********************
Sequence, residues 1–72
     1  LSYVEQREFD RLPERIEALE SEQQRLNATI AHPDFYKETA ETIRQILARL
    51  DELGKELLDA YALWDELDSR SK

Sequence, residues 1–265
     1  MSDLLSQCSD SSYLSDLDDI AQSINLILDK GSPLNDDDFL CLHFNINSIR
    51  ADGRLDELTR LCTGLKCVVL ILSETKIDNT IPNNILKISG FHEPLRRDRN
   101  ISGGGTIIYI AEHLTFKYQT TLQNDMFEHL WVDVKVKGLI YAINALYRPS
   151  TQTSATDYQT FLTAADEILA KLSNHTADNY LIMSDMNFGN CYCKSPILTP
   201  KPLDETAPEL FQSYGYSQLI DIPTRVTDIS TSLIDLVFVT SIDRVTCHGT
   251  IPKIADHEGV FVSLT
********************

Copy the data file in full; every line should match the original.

Sequence, residues 1–72
     1  LSYVEQREFD RLPERIEALE SEQQRLNATI AHPDFYKETA ETIRQILARL
    51  DELGKELLDA YALWDELDSR SK

Sequence, residues 1–265
     1  MSDLLSQCSD SSYLSDLDDI AQSINLILDK GSPLNDDDFL CLHFNINSIR
    51  ADGRLDELTR LCTGLKCVVL ILSETKIDNT IPNNILKISG FHEPLRRDRN
   101  ISGGGTIIYI AEHLTFKYQT TLQNDMFEHL WVDVKVKGLI YAINALYRPS
   151  TQTSATDYQT FLTAADEILA KLSNHTADNY LIMSDMNFGN CYCKSPILTP
   201  KPLDETAPEL FQSYGYSQLI DIPTRVTDIS TSLIDLVFVT SIDRVTCHGT
   251  IPKIADHEGV FVSLT